All of this weighed heavily on King Baudouin. The moral decline and the increasing division in Belgian society hurt him terribly and it is no surprise that he was known as “the sad King”. By his own example and the causes he championed he tried to promote traditional values and he did his best to bring the two sides of the linguistic divide together but to little effect. No one man could have succeeded in such circumstances but it speaks to his dedication that he did everything that it was in his power to do in an effort to right the wrongs that were plaguing his country. Even while his views were often ignored by his squabbling subjects, his presence was a comfort and a source of reassuring stability in a country undergoing dramatic and often bitter and bewildering changes. King Baudouin was, to some extent, rather taken for granted and it came as all the greater shock when, quite unexpectedly, the King died on July 31, 1993 of heart failure while on holiday in the south of Spain. Belgium was shocked and immediately plunged into mourning. As one young woman said, “We have lost our King, and only now do we realize what we have lost”.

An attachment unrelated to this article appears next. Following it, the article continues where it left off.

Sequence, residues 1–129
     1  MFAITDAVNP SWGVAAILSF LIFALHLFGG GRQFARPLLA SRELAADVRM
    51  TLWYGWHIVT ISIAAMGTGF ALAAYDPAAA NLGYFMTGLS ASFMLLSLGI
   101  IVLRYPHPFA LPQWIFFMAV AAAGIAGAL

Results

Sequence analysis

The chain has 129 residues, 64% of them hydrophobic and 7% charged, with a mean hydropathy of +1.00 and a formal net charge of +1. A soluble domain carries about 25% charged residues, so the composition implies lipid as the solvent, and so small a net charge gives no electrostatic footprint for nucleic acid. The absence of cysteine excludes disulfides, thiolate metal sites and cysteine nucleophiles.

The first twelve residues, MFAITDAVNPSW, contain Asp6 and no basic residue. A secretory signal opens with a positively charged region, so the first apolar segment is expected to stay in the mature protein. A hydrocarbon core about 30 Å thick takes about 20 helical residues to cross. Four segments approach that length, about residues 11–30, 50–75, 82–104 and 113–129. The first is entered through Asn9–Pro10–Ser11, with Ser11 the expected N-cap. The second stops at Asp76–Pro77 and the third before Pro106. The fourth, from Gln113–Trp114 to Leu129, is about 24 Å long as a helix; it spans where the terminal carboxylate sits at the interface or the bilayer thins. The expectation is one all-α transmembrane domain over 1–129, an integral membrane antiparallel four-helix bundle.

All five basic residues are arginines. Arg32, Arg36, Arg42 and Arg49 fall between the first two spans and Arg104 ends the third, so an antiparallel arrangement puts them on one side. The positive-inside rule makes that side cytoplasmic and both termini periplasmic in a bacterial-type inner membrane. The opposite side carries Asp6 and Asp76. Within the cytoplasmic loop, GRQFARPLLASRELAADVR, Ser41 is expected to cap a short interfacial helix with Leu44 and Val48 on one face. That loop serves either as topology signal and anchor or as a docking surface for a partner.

King Baudouin had lived a modest life and was perhaps loved best by those with the least in his country. He was shy, polite but could also show anger in private, particularly when he found he had been given incorrect information on some subject or other. He had known many heartaches during his life, starting with the loss of his mother, World War II, the unjust and even vicious treatment of his beloved father, an increasingly divided country, strikes, natural disasters and moral decline. His most difficult moment was surely to be found in the Congo in 1960 where his hope that his presence would bring calm and friendship ended in animosity and chaos. However, he had inherited a monarchy gripped by crisis (through no fault of King Leopold but a fact nonetheless) and he had solidified it and made it a source of national pride and unity in a fractured land. His staunch Catholicism was lived out in his personal example and even while his people did not follow him, they respected him for his integrity. Most of all though, at the times of the greatest difficulty for him during his reign, whether it was the Congo in 1960 or abortion in 1990, King Baudouin showed that he had the moral courage to do what was right even if he knew it would not be what was popular. That alone would suffice to make him a great King and a great man. King Baudouin was the last living member of the Supreme Order of Christ, the most rare and prestigious of papal honors and Pope John Paul II, after visiting the resting place of King Baudouin, paid tribute to him as a man who put Christ at the center of his life and as a monarch who defended God, human rights and the rights of the unborn. His cause for canonization has been talked about but without progress. Nonetheless, King Baudouin was and is an example to all of a dutiful, dedicated and upright Christian monarch.